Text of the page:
CONFLICT OF INTEREST

No potential conflict of interest relevant to this article was reported.

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Fig. 1.
Schematic flowchart of patient inclusion in the study. RIDT, rapid influenza diagnostic test; ILI, influenza-like illness.
ceem-17-281f1.jpg
Table 1.
Baseline characteristics of study patients
Variable Total (n=453) Positive RIDT (n=114) Negative RIDT (n=339) P-value
Sex, male 196 (43.3) 49 (43.0) 147 (43.4) 1.000
Age (yr) 34 (27–49) 34 (27–49) 35 (27–48) 0.825
 ≥ 65 46 (10.2) 10 (8.8) 36 (10.6) 0.599
Comorbiditiesa) 75 (16.6) 21 (18.4) 54 (15.9) 0.561
≤ 48 hours elapsed since symptom onset 327 (72.2) 83 (72.8) 244 (72.0) 0.904
Body temperature (°C) 37.7 ± 0.9 37.9 ± 0.8 37.6 ± 1.0 < 0.001
Systolic blood pressure (mmHg) 129.0 ± 19.9 129.7 ± 17.6 128.8 ± 20.5 0.663
Heart rate (beats per minute) 93.8 ± 13.7 93.7 ± 11.8 93.8 ± 14.2 0.956
Respiratory rate (cycles per minute) 20.3 ± 1.5 20.1 ± 0.6 20.3 ± 1.7 0.083

Values are presented as number (%), median (interquartile range), or mean±standard deviation.

RIDT, rapid influenza diagnostic test.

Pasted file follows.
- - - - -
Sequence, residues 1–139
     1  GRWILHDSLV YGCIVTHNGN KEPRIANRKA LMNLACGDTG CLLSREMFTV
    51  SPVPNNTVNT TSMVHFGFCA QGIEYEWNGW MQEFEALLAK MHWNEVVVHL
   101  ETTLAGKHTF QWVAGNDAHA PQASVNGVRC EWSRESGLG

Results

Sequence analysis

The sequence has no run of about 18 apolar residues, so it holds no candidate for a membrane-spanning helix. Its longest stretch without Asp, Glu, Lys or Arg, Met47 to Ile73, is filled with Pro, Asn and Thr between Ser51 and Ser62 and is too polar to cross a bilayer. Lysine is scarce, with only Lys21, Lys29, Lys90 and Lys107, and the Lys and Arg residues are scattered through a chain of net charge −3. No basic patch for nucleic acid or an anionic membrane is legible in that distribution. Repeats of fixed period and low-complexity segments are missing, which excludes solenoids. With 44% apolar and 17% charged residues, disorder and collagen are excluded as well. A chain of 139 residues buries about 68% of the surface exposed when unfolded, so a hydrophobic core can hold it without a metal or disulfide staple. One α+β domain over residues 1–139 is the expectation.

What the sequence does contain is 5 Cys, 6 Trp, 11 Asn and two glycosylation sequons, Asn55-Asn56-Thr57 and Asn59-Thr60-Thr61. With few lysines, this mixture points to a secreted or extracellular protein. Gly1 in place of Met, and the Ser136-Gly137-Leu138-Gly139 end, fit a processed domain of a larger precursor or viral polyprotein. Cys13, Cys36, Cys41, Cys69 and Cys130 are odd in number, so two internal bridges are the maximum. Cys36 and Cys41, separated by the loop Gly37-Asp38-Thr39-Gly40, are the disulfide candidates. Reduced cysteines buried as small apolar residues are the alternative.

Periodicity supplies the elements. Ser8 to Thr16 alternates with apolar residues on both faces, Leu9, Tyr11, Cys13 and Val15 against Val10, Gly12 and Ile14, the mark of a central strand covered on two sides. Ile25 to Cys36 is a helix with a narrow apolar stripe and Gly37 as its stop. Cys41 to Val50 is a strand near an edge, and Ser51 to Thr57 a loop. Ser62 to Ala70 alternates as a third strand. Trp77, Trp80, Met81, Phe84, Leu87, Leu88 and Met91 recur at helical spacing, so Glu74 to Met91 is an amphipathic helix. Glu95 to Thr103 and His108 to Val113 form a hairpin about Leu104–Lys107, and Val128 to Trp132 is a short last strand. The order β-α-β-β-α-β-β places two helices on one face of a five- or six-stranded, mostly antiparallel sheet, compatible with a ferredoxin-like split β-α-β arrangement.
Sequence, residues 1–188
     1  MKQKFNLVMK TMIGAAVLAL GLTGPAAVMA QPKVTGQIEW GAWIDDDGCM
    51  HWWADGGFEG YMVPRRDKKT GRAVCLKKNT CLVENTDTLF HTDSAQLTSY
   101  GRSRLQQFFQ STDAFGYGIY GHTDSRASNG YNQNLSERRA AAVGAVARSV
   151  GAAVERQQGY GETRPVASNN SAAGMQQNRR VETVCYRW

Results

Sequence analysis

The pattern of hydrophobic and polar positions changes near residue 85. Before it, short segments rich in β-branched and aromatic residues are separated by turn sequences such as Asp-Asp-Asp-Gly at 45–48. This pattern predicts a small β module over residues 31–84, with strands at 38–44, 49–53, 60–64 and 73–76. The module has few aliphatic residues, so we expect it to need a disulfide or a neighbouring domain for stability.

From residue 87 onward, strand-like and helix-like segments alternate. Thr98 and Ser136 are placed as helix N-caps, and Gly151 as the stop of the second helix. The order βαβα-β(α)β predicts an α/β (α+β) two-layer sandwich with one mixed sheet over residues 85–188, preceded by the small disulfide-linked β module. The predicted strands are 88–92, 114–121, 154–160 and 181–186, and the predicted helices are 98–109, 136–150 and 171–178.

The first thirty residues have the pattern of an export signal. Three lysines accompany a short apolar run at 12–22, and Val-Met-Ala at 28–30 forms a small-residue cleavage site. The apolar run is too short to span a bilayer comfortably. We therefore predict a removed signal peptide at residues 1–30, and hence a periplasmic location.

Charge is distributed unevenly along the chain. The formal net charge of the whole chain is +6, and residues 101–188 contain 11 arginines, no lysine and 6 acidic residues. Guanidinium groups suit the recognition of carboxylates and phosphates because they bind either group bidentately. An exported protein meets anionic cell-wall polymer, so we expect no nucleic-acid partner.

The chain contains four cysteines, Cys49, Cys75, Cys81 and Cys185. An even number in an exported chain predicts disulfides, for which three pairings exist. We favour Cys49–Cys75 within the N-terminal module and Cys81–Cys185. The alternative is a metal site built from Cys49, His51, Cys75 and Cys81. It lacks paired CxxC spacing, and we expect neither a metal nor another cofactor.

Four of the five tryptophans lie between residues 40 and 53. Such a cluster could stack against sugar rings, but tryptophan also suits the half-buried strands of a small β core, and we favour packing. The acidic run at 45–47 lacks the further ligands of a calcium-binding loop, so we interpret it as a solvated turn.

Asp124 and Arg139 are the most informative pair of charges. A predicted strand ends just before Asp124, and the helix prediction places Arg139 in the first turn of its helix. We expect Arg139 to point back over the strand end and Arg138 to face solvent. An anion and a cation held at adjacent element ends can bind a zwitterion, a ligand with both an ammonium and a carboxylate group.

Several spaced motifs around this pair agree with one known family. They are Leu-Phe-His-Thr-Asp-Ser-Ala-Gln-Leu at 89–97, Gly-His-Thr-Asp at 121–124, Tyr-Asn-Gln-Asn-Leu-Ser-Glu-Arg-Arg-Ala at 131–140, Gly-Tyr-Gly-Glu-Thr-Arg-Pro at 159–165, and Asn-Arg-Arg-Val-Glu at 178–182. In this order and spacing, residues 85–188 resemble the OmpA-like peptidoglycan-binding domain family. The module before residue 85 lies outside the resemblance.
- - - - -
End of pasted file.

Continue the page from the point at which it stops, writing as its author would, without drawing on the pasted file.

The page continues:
a) Comorbidities included chronic medical conditions, such as asthma, chronic lung disease, heart disease, kidney disorders, endocrine disorders, a weakened immune system, and similar conditions.

Table 2.
Outcomes of patient management in the ED according to RIDT results
Variable Positive RIDT (n=114) Negative RIDT (n=339) P-value
Additional exams in the ED
 Chest X-ray 81 (71.1) 249 (73.5) 0.628
 Blood test 60 (52.6) 207 (61.1) 0.124
 Urine test 3 (2.6) 18 (4.8) 0.433
 Blood culture 13 (11.4) 52 (15.3) 0.355
 Sputum culture 7 (6.1) 33 (9.7) 0.262
 Urine culture 3 (2.6) 12 (3.5) 0.770
Length of stay (hr) 2.0 (1.5–3.5) 2.5 (1.5–3.5) 0.250
Treatment in the ED
 Antivirals 103 (90.4) 1 (0.3) < 0.001
 Antibiotics 0 (0) 94 (27.7)
 Conservative care 11 (9.6) 244 (72.0)

Values are presented as number (%) or median (interquartile range).

ED, emergency department; RIDT, rapid influenza diagnostic test.

Table 3.
Factors associated with the treatment of study patients, determined using a multinomial logistic regression model with conservative care as the reference group
Antivirals
Antibiotics
aOR (95% CI) P-value aOR (95% CI) P-value
Positive RIDT result 3519 (341–36286) < 0.001 - -
High risk for influenza complications
 Comorbiditiesa) 3.729 (0.268–51.947) 0.327 1.492 (0.788–2.825) 1.492
 Age ≥ 65 years 2.089 (0.067–64.729) 0.674 2.096 (1.010–4.351) 0.047
Antivirals recommended
 ≤ 48 hours elapsed since symptom onset 0.388 (0.074–2.023) 0.261 0.581 (0.346–0.973) 0.039

Adjusted co-variables: results of RIDT, presentation less than 48 hours after the onset of symptoms, being older than 65 years of age, and the presence of comorbidities.

aOR, adjusted odds ratio; CI, confidence interval; RIDT, rapid influenza diagnostic test.

a) Comorbidities included chronic medical conditions such as asthma, chronic lung disease, heart disease, kidney disorders, endocrine disorders, a weakened immune system, and similar conditions.